SAN FRANCISCO – A creepy, underwater shooter game which refused to sink when publishers balked at its high development costs has turned into a success story, with "BioShock" getting glowing reviews and top sales.
"Honestly, we couldn't get a lot of publishers to sign up to spend millions of dollars to do a game," said Ken Levine, creative director for "BioShock."
It took a well-timed public relations move to give the game a chance.
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"We sold a story to the press essentially that we were having trouble selling the game to a publisher. That story got so much traffic that the next day 'BioShock' was the best idea in the world for everybody," Levine said in an interview.
It worked. Levine's Irrational Games was bought by game publisher Take-Two Interactive Software Inc (TTWO) in 2006, a publisher known for not backing away from controversy.
Take-Two, which makes the hit "Grand Theft Auto" franchise but has fallen on hard times lately amid accounting scandals and a delay in the latest "GTA" installment, has benefited from taking a gamble.
Take-Two stock jumped 10 percent on Tuesday when "BioShock" was released as glowing reviews poured in and the game topped sales charts at retailers like Amazon.com (AMZN).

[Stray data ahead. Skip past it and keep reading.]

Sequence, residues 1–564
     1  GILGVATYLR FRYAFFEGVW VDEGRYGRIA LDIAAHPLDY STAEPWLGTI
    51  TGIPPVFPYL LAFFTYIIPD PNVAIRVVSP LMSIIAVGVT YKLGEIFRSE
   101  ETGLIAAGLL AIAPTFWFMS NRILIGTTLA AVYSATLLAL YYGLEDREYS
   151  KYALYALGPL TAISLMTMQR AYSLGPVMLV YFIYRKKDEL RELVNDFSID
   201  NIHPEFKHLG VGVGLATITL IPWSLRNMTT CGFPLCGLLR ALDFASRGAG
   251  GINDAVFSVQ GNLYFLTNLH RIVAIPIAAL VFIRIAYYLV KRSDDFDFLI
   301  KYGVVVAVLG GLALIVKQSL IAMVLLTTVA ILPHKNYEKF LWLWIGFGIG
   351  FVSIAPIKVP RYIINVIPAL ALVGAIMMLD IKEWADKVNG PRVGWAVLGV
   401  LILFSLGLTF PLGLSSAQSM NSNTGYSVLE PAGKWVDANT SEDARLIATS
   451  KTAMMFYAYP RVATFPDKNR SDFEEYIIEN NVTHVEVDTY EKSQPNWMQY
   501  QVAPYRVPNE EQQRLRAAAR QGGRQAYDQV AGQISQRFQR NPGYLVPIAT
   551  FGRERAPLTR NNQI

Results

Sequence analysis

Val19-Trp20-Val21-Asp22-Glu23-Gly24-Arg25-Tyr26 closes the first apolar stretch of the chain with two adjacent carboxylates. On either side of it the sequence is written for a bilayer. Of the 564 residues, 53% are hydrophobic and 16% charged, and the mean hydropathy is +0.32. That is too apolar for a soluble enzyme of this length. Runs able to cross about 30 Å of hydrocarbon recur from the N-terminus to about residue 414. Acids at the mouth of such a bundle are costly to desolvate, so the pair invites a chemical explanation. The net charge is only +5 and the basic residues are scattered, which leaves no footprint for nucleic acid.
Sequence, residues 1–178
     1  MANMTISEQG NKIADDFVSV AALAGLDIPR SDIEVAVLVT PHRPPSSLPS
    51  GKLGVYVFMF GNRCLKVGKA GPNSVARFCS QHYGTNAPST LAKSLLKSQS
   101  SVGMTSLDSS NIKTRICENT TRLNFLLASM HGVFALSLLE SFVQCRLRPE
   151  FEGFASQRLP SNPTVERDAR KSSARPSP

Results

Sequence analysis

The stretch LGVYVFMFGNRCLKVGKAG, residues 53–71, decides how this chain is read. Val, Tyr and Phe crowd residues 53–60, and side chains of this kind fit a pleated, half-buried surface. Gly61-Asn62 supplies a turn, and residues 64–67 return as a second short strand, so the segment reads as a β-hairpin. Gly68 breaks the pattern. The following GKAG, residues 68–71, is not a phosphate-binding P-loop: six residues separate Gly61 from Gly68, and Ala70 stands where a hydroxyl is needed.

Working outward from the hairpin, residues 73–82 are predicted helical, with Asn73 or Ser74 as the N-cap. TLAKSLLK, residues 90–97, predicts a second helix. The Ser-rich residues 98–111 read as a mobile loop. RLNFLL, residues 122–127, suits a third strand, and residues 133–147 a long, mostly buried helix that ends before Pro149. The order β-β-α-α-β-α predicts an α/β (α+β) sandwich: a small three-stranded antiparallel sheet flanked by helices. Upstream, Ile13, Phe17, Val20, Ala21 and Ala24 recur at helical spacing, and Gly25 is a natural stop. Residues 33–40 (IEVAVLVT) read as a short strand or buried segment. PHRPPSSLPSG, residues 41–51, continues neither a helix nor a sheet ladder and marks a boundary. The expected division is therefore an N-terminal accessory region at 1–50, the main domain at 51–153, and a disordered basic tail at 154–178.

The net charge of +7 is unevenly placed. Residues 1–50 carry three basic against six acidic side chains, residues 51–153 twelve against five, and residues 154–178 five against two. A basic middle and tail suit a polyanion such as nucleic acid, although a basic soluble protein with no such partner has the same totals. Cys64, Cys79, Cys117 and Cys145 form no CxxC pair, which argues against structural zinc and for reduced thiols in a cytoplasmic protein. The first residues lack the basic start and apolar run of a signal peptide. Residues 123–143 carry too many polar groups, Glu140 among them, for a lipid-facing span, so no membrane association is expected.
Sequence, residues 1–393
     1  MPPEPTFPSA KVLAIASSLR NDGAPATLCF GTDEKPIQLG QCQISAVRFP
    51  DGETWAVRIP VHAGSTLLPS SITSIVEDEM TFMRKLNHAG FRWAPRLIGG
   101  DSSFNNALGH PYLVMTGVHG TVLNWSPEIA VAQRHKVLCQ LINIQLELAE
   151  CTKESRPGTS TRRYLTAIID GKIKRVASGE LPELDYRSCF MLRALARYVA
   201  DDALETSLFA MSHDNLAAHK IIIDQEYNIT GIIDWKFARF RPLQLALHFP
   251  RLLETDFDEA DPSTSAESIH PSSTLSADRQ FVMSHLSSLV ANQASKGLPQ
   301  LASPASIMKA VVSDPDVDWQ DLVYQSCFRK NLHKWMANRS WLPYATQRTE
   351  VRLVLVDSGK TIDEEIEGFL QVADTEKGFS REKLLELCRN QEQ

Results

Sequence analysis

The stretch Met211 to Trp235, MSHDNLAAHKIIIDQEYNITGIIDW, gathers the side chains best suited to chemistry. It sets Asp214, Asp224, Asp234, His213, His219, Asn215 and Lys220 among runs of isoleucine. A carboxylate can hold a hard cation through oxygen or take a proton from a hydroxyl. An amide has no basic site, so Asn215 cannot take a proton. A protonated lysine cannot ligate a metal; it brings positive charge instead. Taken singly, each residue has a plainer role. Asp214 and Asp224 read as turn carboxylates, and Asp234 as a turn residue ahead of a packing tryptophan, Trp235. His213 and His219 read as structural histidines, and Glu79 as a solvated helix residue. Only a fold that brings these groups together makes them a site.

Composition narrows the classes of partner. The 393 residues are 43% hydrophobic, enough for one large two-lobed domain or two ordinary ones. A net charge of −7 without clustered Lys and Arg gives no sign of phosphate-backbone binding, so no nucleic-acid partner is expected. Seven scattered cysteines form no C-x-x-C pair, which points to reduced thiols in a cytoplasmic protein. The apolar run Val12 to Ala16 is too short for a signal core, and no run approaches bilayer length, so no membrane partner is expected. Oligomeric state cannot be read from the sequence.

The game is part first-person shooter, horror flick and morality tale. Players explore a failed underwater utopia torn apart by clashes over a DNA-altering substance that bestows health and superpowers.
Players have to collect the substance in order to gain more abilities and advance through the game.
The catch is that the only source is "Little Sisters," small girls who are guarded by "Big Daddies," lumbering fellows in deep-sea diving suits whose skin-crawling bellows sound like angry whales.
Players can either kill the girl to harvest the substance, or rescue them for a lesser amount and the promise of rewards later, a choice that heightens the game's disturbing atmosphere and affects the story later on.
Levine, a 40-year-old self-described "failed screenwriter," said he formed some of the game's key concepts while watching a nature show years ago.
"I think it was hyenas hunting wildebeest or worker ants or something, and the cool thing was that watching the animals you didn't need a narrator to tell you what was going on," Levine said. "I wanted to create a world with an ecology."
Levine described a "hectic two months" earlier this year where he wrote 40,000 words of dialogue — about four times longer than a typical movie script.
Reviewers and fans have raved about the art deco design that infuses the game, which takes place in 1960 and is shot through with themes of individuality inspired by novelist Ayn Rand, and the cinematic sensibility of Orson Welles.
"The thing that separates me from other game story people is that I don't read a lot of fantasy and sci-fi. I don't dig deeply in that stuff, I tend to look for inspiration in other places," Levine said.